AbstractIn skill-biased (deskilling) technological revolutions, learning investments required by new machines are greater (smaller) than those required by preexisting machines. Skill-biased (deskilling) revolutions trigger reallocations of capital from slow- (fast-) to fast- (slow-) learning workers, thereby reducing the relative and absolute wages of the former. The model of skill-biased (deskilling) revolutions provides insight into developments since the mid-1970s (in the 1910s). The empirical work documents a large increase in the interindustry dispersion of capital-labor ratios since 1975. Changes in industry capital intensity are related to the skill composition of the labor force.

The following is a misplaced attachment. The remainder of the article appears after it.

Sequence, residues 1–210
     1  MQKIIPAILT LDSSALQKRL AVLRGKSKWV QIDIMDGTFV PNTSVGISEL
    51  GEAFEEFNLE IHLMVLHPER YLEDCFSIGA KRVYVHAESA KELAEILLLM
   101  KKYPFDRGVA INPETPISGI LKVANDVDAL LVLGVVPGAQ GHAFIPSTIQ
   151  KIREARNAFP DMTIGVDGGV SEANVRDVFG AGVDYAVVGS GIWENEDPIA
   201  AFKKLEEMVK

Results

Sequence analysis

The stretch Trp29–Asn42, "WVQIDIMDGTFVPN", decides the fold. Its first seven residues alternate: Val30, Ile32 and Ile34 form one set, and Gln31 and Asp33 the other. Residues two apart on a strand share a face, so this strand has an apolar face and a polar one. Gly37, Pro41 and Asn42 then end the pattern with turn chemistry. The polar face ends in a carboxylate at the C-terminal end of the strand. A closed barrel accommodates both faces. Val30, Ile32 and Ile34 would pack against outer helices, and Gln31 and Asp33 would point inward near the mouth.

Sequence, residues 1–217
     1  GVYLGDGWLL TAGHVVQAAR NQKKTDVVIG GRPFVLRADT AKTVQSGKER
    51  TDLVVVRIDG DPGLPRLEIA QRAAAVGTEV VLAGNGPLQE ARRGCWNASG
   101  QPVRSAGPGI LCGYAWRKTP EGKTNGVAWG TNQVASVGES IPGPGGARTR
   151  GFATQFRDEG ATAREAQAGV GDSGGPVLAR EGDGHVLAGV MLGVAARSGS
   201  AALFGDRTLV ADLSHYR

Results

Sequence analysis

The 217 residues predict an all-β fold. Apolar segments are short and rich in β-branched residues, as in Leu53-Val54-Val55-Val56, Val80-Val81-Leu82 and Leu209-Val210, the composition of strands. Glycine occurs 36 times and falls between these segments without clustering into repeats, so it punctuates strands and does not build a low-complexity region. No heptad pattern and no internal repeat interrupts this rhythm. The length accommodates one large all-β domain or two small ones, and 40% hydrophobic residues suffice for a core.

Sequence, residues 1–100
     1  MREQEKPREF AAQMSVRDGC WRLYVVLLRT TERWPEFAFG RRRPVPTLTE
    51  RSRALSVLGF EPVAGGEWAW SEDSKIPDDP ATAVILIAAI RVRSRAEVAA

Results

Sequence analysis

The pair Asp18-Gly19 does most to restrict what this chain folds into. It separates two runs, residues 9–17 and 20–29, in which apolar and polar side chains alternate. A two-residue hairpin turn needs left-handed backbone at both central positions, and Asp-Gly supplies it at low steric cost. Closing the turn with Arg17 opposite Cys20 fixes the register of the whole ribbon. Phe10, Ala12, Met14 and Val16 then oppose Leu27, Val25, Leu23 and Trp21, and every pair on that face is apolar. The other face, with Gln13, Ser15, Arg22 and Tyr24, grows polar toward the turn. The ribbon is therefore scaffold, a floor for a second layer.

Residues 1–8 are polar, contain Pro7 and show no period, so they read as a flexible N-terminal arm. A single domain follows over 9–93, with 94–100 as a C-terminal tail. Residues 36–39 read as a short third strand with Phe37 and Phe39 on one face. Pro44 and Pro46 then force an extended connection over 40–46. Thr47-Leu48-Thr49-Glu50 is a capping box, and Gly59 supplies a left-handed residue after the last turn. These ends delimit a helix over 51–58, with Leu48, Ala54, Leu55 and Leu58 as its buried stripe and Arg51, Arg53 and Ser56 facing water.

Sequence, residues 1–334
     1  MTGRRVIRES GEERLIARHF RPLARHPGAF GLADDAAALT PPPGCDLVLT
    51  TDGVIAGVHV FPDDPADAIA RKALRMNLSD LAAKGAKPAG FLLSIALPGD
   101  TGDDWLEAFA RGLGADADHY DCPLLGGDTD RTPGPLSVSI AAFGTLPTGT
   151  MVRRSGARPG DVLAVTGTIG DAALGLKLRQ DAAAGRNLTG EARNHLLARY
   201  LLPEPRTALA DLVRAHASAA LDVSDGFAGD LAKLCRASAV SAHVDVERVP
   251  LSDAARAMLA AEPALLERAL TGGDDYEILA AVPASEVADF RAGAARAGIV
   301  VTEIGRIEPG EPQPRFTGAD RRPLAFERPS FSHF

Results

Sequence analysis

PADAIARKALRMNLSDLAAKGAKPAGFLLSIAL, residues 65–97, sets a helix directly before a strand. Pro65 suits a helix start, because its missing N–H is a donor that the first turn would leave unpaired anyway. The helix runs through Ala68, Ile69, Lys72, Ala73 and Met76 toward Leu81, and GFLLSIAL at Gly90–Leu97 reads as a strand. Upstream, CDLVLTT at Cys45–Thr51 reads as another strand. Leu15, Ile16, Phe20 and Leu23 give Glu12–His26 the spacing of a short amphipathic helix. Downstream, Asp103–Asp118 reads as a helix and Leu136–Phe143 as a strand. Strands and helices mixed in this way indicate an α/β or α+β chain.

CitationCaselli, Francesco. 1999. "Technological Revolutions." American Economic Review, 89 (1): 78-102. DOI: 10.1257/aer.89.1.78
- O33 Technological Change: Choices and Consequences; Diffusion Processes
- J24 Human Capital; Skills; Occupational Choice; Labor Productivity
- J31 Wage Level and Structure; Wage Differentials